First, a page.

For Baltimore:

1. What will Manny Machado be going forward?

He’s had two significant knee injuries in two years. The Orioles have to begin to wonder whether this is going to be a chronic situation and whether Machado is a player who can be a franchise cornerstone. In fact, there’s a chance that

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A hero one step beyond 'unlikely' 

October, 17, 2014
Oct 17
Travis IshikawaThearon W. Henderson/Getty ImagesTravis Ishikawa would normally be out of a tight game in the later innings.
SAN FRANCISCO -- Jake Peavy’s eyesight is awful, and the truth is he sprinted out of the Giants’ dugout Thursday night not entirely sure of what he had just seen. Peavy didn’t know whether Travis Ishikawa’s long drive to right field had cleared the tin on top of the wall, or if it had ricocheted off the brick. He only knew that Ishikawa had mashed a ball beyond the reach of the Cardinals’ outfielders, far enough to score the game-winning run and win the pennant.

“I’m so proud of you!” Peavy screamed at Ishikawa, as he moved to embrace him.

“Get out of the way!” Ishikawa shouted while trying to dodge Peavy, unsure of whether he needed to avoid being touched by teammates in order to make this journey around the bases count.

Or at least that’s what Ishikawa and Peavy think he shouted; nobody could remember with complete clarity even a few minutes after, because of how overwhelmed they were by the moment.

Tim Hudson couldn’t recall exactly what Giants manager Bruce Bochy said to him when they hugged on the field, but whatever it was, Hudson was weeping with the realization that after 16 years in the major leagues, and after having his ankle dislocated in 2013, he will play in the World Series. Hudson started tearing up again as he started talking about the words between him and his manager. “I’m a marshmallow,” he said.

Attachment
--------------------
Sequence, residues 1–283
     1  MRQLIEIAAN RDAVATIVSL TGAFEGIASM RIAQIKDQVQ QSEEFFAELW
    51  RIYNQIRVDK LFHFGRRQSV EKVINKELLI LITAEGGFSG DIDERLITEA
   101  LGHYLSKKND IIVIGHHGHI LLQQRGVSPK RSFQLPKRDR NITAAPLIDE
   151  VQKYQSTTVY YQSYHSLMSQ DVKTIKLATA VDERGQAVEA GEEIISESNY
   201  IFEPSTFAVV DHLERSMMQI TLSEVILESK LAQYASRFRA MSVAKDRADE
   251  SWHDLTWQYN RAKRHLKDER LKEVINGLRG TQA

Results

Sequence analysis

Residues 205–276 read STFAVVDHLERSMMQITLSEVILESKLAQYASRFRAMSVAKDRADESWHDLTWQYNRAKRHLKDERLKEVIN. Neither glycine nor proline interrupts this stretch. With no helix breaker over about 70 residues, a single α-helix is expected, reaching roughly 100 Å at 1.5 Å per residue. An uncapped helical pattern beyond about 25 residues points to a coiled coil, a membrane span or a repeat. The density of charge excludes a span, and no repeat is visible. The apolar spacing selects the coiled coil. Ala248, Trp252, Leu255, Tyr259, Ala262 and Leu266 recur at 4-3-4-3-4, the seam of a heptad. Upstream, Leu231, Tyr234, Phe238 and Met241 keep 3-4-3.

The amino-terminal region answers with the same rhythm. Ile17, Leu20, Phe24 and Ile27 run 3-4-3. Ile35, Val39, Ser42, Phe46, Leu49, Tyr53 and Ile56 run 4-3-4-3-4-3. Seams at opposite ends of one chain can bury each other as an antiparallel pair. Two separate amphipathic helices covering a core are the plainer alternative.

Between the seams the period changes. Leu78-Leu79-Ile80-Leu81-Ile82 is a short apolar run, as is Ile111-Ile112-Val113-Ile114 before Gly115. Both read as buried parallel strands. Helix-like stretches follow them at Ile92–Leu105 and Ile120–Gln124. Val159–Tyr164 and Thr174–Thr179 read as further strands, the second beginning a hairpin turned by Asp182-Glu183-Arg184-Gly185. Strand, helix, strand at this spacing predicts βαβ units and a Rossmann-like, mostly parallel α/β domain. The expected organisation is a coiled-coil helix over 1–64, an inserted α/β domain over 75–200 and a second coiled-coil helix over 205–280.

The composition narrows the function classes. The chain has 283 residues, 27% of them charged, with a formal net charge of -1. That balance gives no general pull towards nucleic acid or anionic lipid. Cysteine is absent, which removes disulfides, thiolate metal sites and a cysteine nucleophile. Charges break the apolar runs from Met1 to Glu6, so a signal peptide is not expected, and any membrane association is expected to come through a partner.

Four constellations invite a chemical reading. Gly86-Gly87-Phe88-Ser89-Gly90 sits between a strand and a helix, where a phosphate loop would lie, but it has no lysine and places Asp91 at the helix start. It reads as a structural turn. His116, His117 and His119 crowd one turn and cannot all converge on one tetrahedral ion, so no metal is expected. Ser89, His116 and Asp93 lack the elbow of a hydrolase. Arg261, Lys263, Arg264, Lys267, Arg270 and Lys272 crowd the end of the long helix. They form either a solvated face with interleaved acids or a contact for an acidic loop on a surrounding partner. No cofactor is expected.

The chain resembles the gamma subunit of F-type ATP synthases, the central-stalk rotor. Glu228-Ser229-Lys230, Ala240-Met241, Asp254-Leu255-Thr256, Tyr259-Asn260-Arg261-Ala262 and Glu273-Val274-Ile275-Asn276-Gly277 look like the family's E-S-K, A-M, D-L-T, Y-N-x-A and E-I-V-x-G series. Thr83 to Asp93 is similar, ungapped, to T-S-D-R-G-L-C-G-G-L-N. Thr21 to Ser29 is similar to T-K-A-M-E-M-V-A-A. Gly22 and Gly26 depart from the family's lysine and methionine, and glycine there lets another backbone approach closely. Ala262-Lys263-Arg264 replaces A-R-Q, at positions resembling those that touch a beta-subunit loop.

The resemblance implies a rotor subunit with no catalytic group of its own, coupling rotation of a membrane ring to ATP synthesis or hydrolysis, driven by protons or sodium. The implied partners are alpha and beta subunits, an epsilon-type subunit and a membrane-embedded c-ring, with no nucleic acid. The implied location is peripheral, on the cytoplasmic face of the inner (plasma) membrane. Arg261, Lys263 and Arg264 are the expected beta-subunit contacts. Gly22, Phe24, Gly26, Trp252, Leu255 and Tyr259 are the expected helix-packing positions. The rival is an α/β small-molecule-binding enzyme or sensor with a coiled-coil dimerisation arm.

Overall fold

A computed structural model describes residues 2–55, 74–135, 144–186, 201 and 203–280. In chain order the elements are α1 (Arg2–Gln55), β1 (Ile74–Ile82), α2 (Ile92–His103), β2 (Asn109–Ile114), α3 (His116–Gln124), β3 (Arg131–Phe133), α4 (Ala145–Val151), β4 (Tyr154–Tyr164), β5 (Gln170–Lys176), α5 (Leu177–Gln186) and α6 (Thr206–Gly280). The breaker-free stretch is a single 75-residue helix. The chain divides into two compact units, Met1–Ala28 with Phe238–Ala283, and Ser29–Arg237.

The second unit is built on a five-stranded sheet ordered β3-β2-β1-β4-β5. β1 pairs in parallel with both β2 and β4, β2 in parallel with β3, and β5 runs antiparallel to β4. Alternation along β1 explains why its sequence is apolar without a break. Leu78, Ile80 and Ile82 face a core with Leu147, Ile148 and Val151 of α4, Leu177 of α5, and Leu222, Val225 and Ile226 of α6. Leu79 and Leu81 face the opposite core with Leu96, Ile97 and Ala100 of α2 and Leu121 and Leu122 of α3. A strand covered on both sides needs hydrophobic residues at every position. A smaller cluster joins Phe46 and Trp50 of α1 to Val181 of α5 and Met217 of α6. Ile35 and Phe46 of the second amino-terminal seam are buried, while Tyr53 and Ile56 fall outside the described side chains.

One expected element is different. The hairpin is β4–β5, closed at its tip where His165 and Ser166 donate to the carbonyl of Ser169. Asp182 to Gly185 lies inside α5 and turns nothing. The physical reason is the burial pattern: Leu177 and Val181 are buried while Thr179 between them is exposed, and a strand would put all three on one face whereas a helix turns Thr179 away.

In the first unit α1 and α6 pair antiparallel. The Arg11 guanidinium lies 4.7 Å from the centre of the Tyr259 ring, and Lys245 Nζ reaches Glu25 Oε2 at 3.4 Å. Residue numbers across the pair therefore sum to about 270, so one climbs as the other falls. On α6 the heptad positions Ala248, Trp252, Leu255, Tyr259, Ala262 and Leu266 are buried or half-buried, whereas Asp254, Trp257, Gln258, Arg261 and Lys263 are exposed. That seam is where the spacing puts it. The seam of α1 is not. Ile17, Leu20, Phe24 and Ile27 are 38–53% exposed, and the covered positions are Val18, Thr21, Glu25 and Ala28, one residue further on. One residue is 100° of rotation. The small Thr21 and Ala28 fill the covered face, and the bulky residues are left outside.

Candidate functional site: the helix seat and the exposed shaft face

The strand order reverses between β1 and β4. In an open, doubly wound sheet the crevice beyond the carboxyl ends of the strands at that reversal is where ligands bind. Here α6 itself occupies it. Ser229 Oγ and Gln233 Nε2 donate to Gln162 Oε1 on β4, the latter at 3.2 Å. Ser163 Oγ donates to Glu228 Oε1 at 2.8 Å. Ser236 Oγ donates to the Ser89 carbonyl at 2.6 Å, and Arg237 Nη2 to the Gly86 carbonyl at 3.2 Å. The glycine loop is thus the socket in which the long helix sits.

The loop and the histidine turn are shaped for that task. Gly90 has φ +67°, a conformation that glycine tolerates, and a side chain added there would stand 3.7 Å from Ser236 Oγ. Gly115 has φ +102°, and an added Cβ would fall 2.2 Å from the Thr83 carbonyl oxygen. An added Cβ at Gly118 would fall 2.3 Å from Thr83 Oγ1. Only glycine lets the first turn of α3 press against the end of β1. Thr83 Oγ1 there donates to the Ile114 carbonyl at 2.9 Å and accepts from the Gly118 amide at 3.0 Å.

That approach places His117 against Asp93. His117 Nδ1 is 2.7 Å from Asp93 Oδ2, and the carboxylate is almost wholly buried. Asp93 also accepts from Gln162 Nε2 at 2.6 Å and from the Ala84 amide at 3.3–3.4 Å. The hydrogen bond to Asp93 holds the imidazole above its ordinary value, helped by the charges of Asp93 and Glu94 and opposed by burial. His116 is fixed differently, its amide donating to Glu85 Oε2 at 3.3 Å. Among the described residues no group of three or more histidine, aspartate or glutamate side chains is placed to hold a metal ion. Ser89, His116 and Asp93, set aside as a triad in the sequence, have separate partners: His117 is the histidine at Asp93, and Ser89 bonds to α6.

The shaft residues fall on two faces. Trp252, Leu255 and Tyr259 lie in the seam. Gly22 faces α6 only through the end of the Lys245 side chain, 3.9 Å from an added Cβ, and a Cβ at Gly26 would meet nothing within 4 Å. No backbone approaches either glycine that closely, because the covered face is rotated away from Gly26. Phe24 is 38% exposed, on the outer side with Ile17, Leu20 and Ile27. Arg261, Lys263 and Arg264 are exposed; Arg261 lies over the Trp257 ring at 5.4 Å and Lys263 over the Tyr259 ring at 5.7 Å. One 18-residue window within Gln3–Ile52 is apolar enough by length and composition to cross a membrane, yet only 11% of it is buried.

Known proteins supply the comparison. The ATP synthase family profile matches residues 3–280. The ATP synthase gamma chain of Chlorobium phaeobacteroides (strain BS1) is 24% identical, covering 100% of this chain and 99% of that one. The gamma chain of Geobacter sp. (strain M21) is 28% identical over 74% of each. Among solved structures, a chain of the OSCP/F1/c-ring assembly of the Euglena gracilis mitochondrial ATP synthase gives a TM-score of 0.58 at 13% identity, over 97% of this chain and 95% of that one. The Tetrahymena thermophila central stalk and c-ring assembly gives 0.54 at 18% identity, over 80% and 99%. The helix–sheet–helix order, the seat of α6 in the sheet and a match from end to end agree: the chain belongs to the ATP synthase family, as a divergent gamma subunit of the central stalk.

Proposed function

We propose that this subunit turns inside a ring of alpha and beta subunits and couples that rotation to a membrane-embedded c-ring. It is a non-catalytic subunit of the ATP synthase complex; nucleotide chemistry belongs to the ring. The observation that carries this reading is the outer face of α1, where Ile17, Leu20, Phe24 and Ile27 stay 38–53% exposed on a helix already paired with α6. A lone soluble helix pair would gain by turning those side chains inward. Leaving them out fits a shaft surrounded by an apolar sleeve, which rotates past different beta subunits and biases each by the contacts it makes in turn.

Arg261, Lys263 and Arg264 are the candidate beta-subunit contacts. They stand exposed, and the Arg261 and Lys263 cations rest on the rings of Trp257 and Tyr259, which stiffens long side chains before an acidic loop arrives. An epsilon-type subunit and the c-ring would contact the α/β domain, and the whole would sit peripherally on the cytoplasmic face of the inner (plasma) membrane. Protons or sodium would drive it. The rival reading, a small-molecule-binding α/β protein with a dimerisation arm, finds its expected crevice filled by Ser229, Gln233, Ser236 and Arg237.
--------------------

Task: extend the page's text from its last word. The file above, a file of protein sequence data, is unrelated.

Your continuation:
Buster Posey, the catcher admired by teammates because of how understated he is no matter how tense the situation, pumped his fists happily on the field, once, between hugs with teammates. Third-base coach Tim Flannery was crying. Mike Morse waved happily to someone he knew in the stands. The stoic Madison Bumgarner couldn’t stop smiling; neither could Brandon Crawford. Jeremy Affeldt shouted, randomly.

Among them, Ishikawa struggled to catch his breath.

On the last Wednesday of the regular season, the day of Game No. 158, there was no thought that he would play a meaningful role in the postseason, let alone play left field. He has been a first baseman for almost his entire career, and 23 days ago, he had exactly zero career starts in left field in the major leagues.

But the Giants were desperately seeking a solution in left field, having learned the last week of the regular season that Angel Pagan would miss the rest of the season and the playoffs. Gregor Blanco was needed in center field and Juan Perez had performed poorly in September, and in conversation with Bochy, Giants general manager Brian Sabean suggested that he try Ishikawa, who had a handful of outfield starts in the minor leagues. Bochy, with nothing to lose, went along with it and found a left fielder in the last hours of the regular season -- a decision that had gone well right up until the third inning of Game 5 Thursday night, when Ishikawa misread a line drive by Jon Jay.

The potential for another crushing defensive mistake like that loomed in Bochy’s mind into the middle innings. He had usually pulled Ishikawa out of games in the sixth or seventh inning, and as he and bench coach Ron Wotus shared thoughts in the eighth inning, Bochy decided that he was going to give Ishikawa one more at-bat and then replace him with Perez.

One more chance for Ishikawa. One more swing. And when he hit the ball

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Andrew FriedmanKim Klement/USA TODAY SportsLongtime Rays GM Andrew Friedman was hired Tuesday to run the Dodgers' front office.